The Presbyterian Church (U.S.A.) is debating whether to divest its $8.5 billion portfolio from fossil fuels.
“As global scientific research predicts more dire impacts from climate change, mounting physical evidence of climate change underscores the urgency for humanity to take action,” Presbyterians who have carried out a grassroots divestment crusade within the church stated. “This evidence is motivating people of faith in various communities, as well as students at academic institutions, to embark on divestment campaigns. The campaigns urge the financial agents of their respective organizations to withdraw stock and bond funds from investment accounts which contain fossil fuel company shareholdings. In a nutshell, we believe that if it’s wrong to wreck the planet, then it’s wrong to profit from corporate interests that are causing this wreckage.”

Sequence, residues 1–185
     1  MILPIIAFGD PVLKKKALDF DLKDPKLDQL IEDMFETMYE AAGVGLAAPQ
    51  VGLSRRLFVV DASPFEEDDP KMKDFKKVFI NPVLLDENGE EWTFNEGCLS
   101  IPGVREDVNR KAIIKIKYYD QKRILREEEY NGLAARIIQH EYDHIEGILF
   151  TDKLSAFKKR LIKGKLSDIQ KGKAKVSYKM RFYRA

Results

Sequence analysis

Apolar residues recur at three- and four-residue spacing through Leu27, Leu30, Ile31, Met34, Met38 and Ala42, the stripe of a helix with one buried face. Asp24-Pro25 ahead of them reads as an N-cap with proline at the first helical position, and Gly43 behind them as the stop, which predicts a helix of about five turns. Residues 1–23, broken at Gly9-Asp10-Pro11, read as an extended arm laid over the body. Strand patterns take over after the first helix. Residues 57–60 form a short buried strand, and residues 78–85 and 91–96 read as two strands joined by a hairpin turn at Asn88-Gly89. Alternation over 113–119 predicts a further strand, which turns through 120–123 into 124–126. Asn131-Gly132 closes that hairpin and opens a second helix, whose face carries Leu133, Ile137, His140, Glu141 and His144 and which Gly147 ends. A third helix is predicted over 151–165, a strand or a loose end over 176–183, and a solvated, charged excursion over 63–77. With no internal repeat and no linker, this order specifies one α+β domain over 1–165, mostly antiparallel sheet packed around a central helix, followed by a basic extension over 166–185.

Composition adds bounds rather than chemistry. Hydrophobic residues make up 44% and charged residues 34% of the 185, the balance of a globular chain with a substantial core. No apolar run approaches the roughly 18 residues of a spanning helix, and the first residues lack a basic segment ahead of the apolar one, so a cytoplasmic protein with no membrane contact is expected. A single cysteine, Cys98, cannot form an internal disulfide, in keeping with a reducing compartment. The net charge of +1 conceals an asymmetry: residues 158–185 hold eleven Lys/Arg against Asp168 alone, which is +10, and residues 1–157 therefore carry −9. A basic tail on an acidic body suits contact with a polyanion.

The decision to pull funds from the industry will be made during a meeting of the religious institution’s General Assembly, its highest governing body, from the 14th to the 21st of June in Detroit, Michigan.
Presbyterian minister Reverend Paul Henschen of Ellendale, North Dakota called on church leaders to make the “prophetic statement our country needs to hear.”
The initiative is not without its critics, however; those who believe the church can pressure fossil fuel corporations to put funds into renewable energy. Divestment campaigners counter that such arguments are akin to asking companies like Exxon Mobile to go out of business.
“Led by the fossil fuel industry, we are running Genesis in reverse,” remarked author and 350.org cofounder Bill McKibben, encouraging the church to divest. “We can stop it — and we can certainly stop profiting from it — but only together, as a movement.”
The full text of the proposed measure, what Presbyterians call an “overture,” is available here.